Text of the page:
Brisbane Botanical Gardens & Riverstage Nov. 19
Large, stripey broad-brimmed hat - check. Sunscreen applied so thick it acted as an additional layer of albino skin - check. I certainly was safe and sunsmart ready for Harvest. Mercury Rev took this scorching day up a few notches in the mid afternoon with a blistering set. This New York alt. rock band dressed mostly in black with shirt buttons undone filled the arena with their all-consuming, warm and heartfelt songs. â€˜The Dark Is Risingâ€™ and â€˜Youâ€™re My Queenâ€™ are such powerful songs when accompanied by vocalist Jonathan Donahueâ€™s sweeping arm gestures and dynamite smile. I now want to go out and buy every single Mercury Rev disc ever released.
I caught the last few songs of TV On The Radio before moving on to see Clap Your Hands Say Yeah. I canâ€™t pinpoint what it was, but I couldnâ€™t seem to get into their set. I left a few tracks in to check out Death In Vegas, the UK psychedelic rockers. They were perfect for what I was in the mood for and I really dig the surfy-synth-sound aspect of their music. I then walked over the grassy hill where the main stage opened up before me to find Bright Eyes playing his opening piano chords. The crowd began to cheer and would do so for the next 60 minutes as frontman, Conor Oberst, captured us all with his varying songs.
By: Danielle Golding
Droves of gatherers braved the scorching Queensland sun to secure their share in the bountiful musical crop that was Harvest Festival. First pick of the day was TV On The Radio, whose set undulated between tracks from all four studio albums. With their full and distinctive sound, they expertly built and dwindled layers of guitar, synth and trombone that culminated in the anthemic â€˜Wolf Like Meâ€™.
Complemented by the setting sun, The National provided the Riverstage with a welcome yield of indie rock. On point from the first note, the band produced a rich, dignified sonic experience, accompanied to perfection by Matt Berningerâ€™s baritone. The emotional climax of â€˜Terrible Loveâ€™ marked the end of a truly heartening performance.
Not having sown musical seeds in Australia for over a decade, Portishead finally took to task headlining the festival. With shuddering bass and a melancholic mix of live and programmed sounds, they created a tense and engaging groove. A pin could have been heard to drop in the Brisbane River when, in her achingly exquisite voice, Beth Gibbons performed a half-tempo rendition of â€˜Wandering Starâ€™ accompanied only by a simple bassline, wailing guitar, and the silence of 10,000 people.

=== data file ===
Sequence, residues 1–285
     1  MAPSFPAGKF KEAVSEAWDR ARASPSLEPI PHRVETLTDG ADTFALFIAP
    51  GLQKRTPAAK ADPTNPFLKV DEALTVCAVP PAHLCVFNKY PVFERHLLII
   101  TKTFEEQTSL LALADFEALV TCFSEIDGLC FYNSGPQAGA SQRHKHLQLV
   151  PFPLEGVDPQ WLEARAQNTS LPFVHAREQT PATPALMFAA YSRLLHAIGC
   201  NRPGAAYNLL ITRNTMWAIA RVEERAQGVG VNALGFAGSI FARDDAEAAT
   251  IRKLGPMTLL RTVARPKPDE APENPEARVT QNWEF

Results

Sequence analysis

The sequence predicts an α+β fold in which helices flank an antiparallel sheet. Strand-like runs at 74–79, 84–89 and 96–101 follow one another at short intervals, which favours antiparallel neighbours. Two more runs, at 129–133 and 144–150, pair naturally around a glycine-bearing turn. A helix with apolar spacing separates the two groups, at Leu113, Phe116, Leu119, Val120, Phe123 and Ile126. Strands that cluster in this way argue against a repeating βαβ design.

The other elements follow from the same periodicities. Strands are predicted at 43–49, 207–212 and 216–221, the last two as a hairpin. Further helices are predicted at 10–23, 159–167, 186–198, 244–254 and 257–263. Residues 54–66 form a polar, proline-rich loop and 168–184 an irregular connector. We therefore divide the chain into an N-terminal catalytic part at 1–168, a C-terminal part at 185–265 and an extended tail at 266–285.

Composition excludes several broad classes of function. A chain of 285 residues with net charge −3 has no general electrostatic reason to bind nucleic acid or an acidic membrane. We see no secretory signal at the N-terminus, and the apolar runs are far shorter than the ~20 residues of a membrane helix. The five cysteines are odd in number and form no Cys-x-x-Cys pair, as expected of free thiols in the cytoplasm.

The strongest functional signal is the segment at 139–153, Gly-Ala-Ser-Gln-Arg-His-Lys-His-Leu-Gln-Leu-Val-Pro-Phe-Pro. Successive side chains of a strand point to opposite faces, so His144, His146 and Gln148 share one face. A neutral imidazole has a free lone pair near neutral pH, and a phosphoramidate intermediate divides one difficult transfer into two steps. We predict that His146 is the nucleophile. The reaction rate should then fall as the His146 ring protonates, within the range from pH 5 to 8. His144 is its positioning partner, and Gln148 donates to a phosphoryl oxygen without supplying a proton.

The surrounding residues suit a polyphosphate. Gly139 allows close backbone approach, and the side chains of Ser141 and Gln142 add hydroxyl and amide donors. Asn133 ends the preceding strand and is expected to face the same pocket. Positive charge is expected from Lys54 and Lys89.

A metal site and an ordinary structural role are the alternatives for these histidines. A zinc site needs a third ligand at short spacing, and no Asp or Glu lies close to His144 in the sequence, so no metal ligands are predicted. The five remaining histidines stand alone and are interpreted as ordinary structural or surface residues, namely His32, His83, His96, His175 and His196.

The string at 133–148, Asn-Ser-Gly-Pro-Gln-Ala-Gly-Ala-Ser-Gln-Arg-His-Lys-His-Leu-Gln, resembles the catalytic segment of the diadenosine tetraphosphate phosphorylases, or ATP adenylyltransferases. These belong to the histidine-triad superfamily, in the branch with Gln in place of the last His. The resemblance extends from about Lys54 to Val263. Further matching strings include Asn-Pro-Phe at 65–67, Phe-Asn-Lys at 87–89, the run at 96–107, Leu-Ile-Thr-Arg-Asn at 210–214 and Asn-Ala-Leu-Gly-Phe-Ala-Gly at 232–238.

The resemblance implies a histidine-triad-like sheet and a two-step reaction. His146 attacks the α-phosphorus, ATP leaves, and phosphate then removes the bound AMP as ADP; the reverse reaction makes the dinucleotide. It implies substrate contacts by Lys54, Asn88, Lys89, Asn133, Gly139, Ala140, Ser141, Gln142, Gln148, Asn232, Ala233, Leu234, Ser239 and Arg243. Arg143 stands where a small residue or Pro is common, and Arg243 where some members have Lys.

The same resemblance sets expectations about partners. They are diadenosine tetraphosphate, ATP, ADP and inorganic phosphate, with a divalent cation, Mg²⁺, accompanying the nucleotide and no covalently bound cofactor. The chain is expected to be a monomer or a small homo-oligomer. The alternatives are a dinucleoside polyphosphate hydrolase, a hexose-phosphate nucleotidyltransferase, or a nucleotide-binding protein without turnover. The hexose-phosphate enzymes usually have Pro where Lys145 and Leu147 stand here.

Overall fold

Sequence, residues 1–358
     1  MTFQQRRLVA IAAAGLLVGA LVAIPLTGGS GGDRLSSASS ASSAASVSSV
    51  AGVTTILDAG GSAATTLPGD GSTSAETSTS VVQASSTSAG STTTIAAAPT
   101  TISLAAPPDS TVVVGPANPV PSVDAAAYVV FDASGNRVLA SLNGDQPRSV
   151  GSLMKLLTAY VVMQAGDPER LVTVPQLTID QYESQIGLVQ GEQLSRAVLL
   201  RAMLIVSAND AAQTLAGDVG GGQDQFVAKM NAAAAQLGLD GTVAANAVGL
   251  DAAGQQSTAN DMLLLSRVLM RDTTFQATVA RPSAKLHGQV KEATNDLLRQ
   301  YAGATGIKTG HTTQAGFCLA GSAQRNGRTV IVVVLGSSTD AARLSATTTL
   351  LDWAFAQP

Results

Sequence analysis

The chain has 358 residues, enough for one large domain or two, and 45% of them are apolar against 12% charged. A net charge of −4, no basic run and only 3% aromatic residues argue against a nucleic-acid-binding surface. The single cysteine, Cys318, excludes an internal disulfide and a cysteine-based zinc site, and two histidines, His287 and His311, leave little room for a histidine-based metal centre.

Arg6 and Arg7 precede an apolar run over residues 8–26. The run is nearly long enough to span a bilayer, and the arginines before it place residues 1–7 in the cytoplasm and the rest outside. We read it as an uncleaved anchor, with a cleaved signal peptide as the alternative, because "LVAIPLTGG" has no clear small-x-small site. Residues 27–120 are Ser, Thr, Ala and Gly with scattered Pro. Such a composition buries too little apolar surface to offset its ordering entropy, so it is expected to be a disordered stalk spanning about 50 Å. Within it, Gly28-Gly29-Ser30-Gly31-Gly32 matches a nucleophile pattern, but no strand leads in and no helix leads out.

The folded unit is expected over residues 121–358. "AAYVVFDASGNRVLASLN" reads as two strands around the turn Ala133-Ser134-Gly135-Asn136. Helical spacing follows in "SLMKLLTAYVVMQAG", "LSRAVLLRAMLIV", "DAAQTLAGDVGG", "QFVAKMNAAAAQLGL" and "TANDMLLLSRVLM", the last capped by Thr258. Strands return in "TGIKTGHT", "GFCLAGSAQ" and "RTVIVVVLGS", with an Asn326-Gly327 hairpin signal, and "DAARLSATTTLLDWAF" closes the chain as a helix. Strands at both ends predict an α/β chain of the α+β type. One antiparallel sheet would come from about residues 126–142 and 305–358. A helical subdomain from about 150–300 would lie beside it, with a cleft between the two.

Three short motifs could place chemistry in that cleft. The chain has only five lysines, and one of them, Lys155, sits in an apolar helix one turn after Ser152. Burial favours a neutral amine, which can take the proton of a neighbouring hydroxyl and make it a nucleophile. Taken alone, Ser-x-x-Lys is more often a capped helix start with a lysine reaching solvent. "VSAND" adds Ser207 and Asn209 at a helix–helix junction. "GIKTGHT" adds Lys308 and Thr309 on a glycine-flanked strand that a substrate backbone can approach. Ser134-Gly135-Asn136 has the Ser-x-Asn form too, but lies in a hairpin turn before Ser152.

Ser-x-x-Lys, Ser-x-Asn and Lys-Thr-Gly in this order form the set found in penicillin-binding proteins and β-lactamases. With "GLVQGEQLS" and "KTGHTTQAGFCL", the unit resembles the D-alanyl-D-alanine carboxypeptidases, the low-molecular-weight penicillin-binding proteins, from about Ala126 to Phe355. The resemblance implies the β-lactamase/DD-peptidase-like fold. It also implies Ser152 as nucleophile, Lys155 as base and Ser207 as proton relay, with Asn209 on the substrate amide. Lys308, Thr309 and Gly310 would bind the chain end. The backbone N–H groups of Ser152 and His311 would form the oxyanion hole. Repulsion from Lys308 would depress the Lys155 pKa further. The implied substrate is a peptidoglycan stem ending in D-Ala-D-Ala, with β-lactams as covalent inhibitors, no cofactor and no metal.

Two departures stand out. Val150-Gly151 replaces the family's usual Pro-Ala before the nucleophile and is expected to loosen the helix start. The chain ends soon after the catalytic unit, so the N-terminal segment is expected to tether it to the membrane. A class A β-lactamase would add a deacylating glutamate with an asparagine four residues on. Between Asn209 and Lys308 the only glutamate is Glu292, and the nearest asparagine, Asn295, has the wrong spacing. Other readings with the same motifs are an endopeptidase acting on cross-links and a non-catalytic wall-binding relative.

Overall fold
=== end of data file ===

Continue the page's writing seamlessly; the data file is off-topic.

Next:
By: Jerath Head
For the majority of Harvest revellers, Portishead was the main ticket; but for mind, The Flaming Lips were the big drawcard - yes, theyâ€™ve toured here half-a-dozen more times than Beth Gibbons and company. But fuck, you canâ€™t beat the Wayne Coyne led Oklahoma outfit, particularly when it involves Coyne entering the crowd inside a gargantuan plastic inflated ball, enough coloured confetti to cover a couple of football fields â€” multiple times â€” oversized balloons of every conceivable colour launched into the crowd and a stirring rendition of â€˜Do You Realizeâ€™ to close proceedings. Yes, I walked out on Portishead â€” but not because I didnâ€™t like it. The trip-hop of the UK act was too damn slow after the candy-cane induced high of The Flaming Lips.
By: The Matchstick
As far as festivals go, this one was the hairiest Iâ€™ve ever been to. Granted the date coincided with the Movember madness thatâ€™s currently happening, but it was the onslaught of beards, side burns and hairy chests that was most noticeable. The vibe was super chilled to match the musical line-up with the fashion also reflecting this.
With a slew of sundresses, the girls looked cute, fresh faced and summery with straw hats, bold bangles and lots of long wavy hair. Flip to the lads and there were skinny coloured jeans aplenty, arty tees and lots and lots of quirky, cool sunglasses and shoes. Walking out through a myriad of upside umbrellas hanging high in the sky, all felt right way up in my world.
By: Majella McMahon